All of these policies would help reverse the spread of hunger, which now affects more than 50 million Americans, including more than one in five children — an increase of 37 percent in childhood hunger since 1999. However, these promising proposals aren’t nearly enough, especially since the country is poised to move in the wrong direction in the fight against hunger.
If the sequester cuts takes effect, 600,000 low-income pregnant women and children up to age 5 will be cut from the Women, Infants & Children (WIC) program, which currently provides them with a monthly package of nutritious food. SNAP (food stamp) benefits are also scheduled to be cut in order to pay for — if you can believe it — a 2010 deal that improved the nutritional quality of school lunches. After November 1, SNAP benefits will average approximately $1.30 per person per meal. Finally, during the last Congress, both the House Agricultural Committee and the full Senate voted to cut the SNAP program — by $16 billion and $4.5 billion, respectively — so more cuts might be on the horizon. MORE
Since 2009, income growth among the majority of Americans has remained relatively stagnant. But an updated version of economist Emmanuel Saez’s study, “Striking it Richer,” shows that this is not true for the top one percent of Americans.
The study found that since the recovery began in 2009, while the bottom 99 percent of Americans’ incomes have fallen by 0.4 percent since the recovery began in 2009, the top one percent’s incomes have risen by 11.2 percent. So the recovery is only truly a recovery for the wealthiest Americans.
Since the 1970s, the wealthiest one percent increasingly have earned a larger and larger share of America’s income. The recession in the early 2000s and the “Great Recession” starting in 2007 decreased their earnings, but — as the chart below shows — the top one percent still earned more than the next four percent of income earners combined. And since the recovery began in 2009, the top one percent’s incomes have bounced back more than that of any other percentile. MORE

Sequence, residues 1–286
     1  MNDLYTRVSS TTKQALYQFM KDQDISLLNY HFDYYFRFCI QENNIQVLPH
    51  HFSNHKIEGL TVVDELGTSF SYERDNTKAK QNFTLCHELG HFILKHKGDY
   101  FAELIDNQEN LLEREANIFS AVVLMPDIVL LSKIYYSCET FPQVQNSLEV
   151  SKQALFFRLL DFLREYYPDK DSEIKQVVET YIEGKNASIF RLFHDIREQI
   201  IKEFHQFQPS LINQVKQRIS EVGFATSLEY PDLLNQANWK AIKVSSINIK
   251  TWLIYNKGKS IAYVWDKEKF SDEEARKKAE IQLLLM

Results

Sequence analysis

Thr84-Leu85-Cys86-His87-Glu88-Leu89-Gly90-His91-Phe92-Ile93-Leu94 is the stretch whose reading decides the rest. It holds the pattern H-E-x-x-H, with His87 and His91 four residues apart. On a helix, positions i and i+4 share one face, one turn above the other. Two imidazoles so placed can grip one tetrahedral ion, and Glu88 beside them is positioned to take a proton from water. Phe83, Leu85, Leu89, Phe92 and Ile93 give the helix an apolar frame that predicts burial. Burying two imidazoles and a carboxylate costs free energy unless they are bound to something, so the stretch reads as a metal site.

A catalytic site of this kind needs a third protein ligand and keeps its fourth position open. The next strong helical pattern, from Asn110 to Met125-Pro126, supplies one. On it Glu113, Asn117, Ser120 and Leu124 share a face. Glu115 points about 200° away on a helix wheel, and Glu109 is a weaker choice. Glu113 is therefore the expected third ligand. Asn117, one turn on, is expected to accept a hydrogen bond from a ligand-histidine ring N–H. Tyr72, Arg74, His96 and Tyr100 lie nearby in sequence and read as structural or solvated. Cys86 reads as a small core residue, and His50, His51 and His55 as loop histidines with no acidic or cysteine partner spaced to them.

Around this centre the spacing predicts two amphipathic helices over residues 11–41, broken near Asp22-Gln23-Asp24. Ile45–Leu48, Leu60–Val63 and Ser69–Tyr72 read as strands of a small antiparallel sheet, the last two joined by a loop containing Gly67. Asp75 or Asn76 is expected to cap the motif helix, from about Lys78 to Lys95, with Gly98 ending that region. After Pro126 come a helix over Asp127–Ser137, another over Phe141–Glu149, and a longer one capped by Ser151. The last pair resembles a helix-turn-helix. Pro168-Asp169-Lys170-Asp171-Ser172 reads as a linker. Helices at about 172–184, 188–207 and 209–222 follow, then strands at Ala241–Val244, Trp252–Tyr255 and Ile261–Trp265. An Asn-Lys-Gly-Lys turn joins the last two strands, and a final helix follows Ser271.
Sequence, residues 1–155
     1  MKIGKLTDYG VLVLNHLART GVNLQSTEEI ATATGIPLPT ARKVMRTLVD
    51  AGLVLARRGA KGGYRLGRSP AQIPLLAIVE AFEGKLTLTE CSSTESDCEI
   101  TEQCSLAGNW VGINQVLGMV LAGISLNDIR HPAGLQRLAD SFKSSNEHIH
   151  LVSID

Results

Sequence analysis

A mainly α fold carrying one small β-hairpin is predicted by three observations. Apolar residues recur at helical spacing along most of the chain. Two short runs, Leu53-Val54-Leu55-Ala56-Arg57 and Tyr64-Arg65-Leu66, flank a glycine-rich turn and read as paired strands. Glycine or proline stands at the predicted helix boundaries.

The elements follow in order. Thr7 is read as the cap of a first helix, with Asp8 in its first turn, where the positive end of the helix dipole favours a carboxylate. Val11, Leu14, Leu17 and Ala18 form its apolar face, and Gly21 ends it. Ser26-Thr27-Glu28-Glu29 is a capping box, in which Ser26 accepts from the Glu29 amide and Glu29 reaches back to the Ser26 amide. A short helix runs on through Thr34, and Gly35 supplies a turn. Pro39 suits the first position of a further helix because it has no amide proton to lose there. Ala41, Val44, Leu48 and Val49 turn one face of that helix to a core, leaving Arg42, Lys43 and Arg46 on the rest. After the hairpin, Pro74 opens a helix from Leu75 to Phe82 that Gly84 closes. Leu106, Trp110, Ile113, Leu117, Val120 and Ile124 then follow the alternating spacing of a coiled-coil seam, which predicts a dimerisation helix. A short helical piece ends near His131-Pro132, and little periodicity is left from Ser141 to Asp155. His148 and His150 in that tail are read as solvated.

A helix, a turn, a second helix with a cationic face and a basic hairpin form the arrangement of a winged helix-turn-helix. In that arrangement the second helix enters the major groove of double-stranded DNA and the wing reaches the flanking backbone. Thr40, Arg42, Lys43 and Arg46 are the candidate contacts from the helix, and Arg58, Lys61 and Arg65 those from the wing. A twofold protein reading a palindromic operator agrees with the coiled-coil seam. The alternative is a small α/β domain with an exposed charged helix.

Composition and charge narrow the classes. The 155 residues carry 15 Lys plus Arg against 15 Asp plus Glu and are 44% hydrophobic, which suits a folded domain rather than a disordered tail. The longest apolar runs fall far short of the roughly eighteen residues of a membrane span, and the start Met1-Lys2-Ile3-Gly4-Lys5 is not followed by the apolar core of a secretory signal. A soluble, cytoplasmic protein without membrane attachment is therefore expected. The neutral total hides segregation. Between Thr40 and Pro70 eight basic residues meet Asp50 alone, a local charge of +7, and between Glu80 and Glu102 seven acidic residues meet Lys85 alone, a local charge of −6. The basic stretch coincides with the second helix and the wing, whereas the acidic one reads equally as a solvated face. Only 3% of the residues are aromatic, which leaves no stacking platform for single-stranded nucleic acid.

Kassandra Guzman, an 18-year-old high school student from Queens, N.Y., works seven days a week and said she still has trouble saving for college after helping her parents pay their bills. (AP Photo/Mike Groll)
Today, a single parent earning minimum wage takes home $15,080 a year. That’s $3,400 below the federal poverty line for a family of three. President Obama noted the statistic in his State of the Union Address — “That’s wrong,” he said, calling for an increase in the minimum wage to $9 an hour because “in the wealthiest nation on Earth, no one who works full-time should have to live in poverty.”
The minimum wage has not always left a single income-earner for a family of three so far below the poverty line. In 1968, when minimum wage was at it’s highest point ever, that same breadwinner would have made $19,245 a year in today’s dollars — roughly a third more than he or she makes now.
In 1981, in an attempt to fight inflation, the minimum wage was frozen at $3.35 per hour despite the rising cost of living. It wasn’t bumped up until 1990, by which point it had fallen well below the poverty line for a family of two (about $2,500 lower than for a family of three). From 1997 to 2007, the minimum wage remained stuck at $5.15 per hour, as, once again, the cost of living continued to increase.
Between 2007 and 2010, the federal minimum crept up to $7.25 per hour, though individual states were given the power to raise the minimum wage above the national one, and nineteen have taken that opportunity. Now, Obama says, it’s time for the minimum wage to increase again nationally. MORE